The excitement for the fans was off the charts. College Gameday, ESPN, sports media’s brightest stars, all here in Bowling Green.

“I was sitting in my dorm thinking, ‘I can’t sleep, I can’t sleep,” said Mike Burtch, who was one of the student managers for the football team. “I ended up going out with some friends at like, 2:30 a.m. to go to the stadium. We were in the second row at the gates. There were like 100 of us out there at 2:30 a.m. going crazy. During the show, [Lee] Corso kept holding up NIU’s helmet to get boos out of the crowd, then held up the BGSU helmet to get us to cheer.”

“The excitement was palpable, through the roof. I remember, between commercials, Chris Fowler was saying this was one of the best receptions they’d had in a while,” Blaha said. “(The) show culminated when Lee put on Freida’s head and the crowd went nuts.”

“When Lee Corso put on that Freddy Falcon head during the show, it was electric. The crowd went bonkers,” Kuhlstrand said. “It confirmed what a lot of us were thinking, that while Northern Illinois was coming in with a higher national ranking, we were good, too, and we had a shot.”

“Before, we’re in the hotel before we left. In our room with Josh Harris and Cornelius McGrady, watching Gameday at BG. Lee Corso put the Falcon head on, I think it kind of validated us on the national stage, that we were a legit team, and that the MAC was a legit conference at that time,” Magner said.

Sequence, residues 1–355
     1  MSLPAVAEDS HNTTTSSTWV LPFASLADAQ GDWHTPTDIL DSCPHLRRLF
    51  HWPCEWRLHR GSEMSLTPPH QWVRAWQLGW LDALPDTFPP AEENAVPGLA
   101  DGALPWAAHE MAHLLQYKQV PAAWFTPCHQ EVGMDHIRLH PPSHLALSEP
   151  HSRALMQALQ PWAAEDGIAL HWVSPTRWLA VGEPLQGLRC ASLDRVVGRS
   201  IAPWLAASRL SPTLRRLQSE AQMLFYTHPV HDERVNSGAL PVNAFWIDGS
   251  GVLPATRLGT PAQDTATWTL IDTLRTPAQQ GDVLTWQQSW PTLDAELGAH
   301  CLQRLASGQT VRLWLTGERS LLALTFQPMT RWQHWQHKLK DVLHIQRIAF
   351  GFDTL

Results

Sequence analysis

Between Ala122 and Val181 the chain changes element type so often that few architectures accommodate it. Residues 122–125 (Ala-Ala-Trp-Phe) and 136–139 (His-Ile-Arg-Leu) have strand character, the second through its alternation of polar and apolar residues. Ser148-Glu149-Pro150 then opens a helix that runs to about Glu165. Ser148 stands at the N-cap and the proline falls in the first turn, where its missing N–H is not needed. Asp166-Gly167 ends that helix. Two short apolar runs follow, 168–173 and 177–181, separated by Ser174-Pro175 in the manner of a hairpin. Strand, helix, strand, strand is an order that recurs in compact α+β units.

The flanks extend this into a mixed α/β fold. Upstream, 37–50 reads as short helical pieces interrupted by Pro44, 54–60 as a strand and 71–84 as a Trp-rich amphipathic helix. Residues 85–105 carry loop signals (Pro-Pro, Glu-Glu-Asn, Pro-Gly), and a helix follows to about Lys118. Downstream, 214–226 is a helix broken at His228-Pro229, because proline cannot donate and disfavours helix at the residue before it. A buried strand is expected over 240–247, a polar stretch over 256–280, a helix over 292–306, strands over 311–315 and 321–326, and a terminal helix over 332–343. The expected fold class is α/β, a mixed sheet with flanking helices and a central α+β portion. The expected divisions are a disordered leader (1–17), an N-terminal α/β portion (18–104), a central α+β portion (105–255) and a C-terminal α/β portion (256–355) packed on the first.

That was the start of the madness at the Doyt.

31,000 strong, all dressed from head to toe in orange, creating more noise than one can fathom.

“The hum of the thunder sticks that they were handing out. Really loud, sea of orange. I just really felt proud to be a Falcon,” said Blaha. “The energy was palpable. Making our way up to our seats, the game was just a butt-whooping from start to finish.”

“When that stadium is full, it sounds different,” Kuhlstrand said. “When there’s 15,18 thousand, you hear applause. But I heard a roar.”

The Falcons got off to a fast start that day. The offense scored twice in the first three minutes of the game, and the defense forced a turnover on the Huskies’ second play from scrimmage.

“It was a very exciting start to the game. It set the tone for the rest of the day. It sucked all the suspense out of what was going to happen, then you just try to turn it into a blowout. Put your foot on their neck,” Harris said. “Later on, it turns into an opportunity to get some of the young guys a chance to play on national TV.”